By following the Fair Trade principles, we try to improve the livelihoods of various craft groups in the Bolgatanga area. 22% of inhabitants rely on the income created from the Crafts and Arts industry, due to the limitations of agriculture caused by the hot and dry climate of this region. The project involves a grand total of 49 basket weaving communities, including; Vea, Nyariga, Sumbrungu, Zaare, Yikene and Zoko.
Basket weavers are usually forced to sell their products to middlemen for a pittance, who go on to sell their goods to shops for a profit for themselves. Our support service eliminates that middleman, buying directly from the artisans and providing them with a fair price for their work. Another part of this is that we also provide straw to the communities, in what we call, a Straw Bank. Straw can be expensive for the communities to buy from the market themselves. So what TradeAID does is buy the straw in bulk at opportune times when the price is lower and then it sells it to the communities for a cheaper price.
By providing orders to the basket weavers from the international market, we are able to provide fair prices which will allow them to make a livelihood from their work, which they put so much time, skill and effort into. As a Fair Trade organization, this is crucial to our aims.
We also aim to improve the skills of the craft communities, providing training to help them diversify their products, as well as providing training which enables them to improve their business and marketing skills. For instance before TradeAID arrived it was the case that many of the communities would only be able to do one kind of basket. However, now, due to the product diversification training provided by TradeAID a single community may be able to make many more than just the one style of basket. Therefore, their business should now be more diverse in terms of products and so they should be able to find more success as well.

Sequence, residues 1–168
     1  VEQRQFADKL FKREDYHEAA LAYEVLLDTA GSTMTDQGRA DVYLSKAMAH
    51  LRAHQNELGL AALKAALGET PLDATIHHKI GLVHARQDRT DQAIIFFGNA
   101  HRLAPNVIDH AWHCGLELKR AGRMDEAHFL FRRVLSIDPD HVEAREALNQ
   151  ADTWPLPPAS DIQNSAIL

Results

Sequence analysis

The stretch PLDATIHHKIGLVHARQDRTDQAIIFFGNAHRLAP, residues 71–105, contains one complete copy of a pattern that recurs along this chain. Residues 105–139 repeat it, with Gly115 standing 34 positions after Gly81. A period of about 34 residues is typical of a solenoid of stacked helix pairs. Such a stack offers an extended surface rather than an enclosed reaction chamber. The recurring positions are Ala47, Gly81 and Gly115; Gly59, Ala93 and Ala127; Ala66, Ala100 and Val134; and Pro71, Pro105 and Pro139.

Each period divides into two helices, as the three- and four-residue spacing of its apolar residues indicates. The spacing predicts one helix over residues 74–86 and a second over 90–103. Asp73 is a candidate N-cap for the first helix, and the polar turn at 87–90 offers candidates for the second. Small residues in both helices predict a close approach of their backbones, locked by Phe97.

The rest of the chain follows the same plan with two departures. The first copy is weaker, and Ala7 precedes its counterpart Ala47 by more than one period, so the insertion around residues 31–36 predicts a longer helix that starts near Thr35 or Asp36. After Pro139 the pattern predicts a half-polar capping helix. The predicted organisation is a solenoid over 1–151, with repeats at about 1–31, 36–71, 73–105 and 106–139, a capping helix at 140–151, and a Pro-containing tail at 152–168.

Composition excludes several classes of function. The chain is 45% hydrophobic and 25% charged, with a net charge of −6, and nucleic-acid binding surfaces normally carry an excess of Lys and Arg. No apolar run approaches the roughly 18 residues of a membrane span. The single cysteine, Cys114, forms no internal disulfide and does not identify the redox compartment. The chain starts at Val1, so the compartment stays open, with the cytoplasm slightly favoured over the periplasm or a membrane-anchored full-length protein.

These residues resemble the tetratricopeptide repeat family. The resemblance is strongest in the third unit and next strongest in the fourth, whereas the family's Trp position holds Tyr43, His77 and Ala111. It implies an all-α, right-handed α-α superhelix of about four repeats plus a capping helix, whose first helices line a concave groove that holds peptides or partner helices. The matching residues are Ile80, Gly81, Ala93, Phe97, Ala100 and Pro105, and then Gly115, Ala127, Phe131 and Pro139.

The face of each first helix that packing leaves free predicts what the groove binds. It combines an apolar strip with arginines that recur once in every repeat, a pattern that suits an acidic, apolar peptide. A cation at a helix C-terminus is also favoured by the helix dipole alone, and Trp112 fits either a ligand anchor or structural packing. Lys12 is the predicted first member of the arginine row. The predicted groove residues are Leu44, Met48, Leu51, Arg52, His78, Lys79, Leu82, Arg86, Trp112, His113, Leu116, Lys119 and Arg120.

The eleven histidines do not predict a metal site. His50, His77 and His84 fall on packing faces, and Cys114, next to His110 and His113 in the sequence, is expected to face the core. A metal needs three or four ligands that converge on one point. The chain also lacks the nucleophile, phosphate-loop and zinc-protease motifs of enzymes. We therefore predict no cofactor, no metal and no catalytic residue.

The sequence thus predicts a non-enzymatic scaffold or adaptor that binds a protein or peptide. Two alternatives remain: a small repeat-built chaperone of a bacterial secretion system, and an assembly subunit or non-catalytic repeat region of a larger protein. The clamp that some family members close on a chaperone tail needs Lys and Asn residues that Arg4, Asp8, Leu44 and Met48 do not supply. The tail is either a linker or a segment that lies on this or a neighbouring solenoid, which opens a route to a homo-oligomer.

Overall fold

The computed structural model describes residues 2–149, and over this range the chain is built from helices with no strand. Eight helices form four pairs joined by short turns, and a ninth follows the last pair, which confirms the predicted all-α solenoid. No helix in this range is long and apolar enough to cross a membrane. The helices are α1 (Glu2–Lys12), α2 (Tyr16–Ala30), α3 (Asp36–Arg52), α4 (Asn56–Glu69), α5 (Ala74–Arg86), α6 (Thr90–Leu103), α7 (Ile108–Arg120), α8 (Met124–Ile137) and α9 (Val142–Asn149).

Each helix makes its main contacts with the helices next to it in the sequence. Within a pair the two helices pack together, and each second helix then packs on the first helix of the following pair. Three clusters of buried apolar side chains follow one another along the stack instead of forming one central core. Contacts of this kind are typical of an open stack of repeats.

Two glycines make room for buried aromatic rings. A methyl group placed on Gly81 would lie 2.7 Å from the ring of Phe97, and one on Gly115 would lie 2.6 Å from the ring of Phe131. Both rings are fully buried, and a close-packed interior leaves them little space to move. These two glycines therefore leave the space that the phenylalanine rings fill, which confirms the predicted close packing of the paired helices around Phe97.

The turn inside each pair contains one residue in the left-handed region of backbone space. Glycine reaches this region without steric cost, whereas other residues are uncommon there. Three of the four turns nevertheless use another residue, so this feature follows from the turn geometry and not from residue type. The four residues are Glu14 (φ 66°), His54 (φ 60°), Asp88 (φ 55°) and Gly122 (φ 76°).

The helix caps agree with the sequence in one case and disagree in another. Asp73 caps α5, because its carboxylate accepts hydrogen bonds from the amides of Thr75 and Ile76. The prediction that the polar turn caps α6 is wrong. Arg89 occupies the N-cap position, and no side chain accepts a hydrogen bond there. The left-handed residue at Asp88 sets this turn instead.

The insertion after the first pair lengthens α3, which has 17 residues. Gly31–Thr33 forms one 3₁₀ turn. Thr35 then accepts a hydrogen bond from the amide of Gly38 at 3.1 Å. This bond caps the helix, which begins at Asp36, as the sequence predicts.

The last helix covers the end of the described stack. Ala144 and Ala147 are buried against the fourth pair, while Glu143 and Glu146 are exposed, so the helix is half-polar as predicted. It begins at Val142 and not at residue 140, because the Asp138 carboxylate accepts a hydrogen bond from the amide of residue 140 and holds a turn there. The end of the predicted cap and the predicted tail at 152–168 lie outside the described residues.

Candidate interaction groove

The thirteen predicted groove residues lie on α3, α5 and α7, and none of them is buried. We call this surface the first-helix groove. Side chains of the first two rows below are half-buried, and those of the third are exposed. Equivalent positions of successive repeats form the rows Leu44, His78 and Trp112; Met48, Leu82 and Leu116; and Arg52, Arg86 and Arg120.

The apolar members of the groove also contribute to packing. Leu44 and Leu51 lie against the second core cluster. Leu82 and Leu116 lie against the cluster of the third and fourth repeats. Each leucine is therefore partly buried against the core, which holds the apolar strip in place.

As well as Product Diversification training, we also provide Business skills training. This can include things like record keeping, marketing/advertising, customer service, etc. The aim, once again, is that through education we can help people to learn effective business skills and so this will then enrich and nourish their businesses.
Another area we're currently looking into are alternative dyes for the craftspeople, looking for dye which would be cheaper and more readily available. The current dye used is not without harmful side effects, and as such, we attempt to educate the basket weavers on these dangers and make them aware of precautions that can be taken to diminish these, by providing protective gear such as masks.
Overall, the Basket Weavers and Market Support Service is a sprawling project with big aims and high aspirations. Thus, it can be seen as one of TradeAID's most vital projects in terms of achieving the aims of "making trade work for the poor" which is our slogan and surely our most fundamental belief.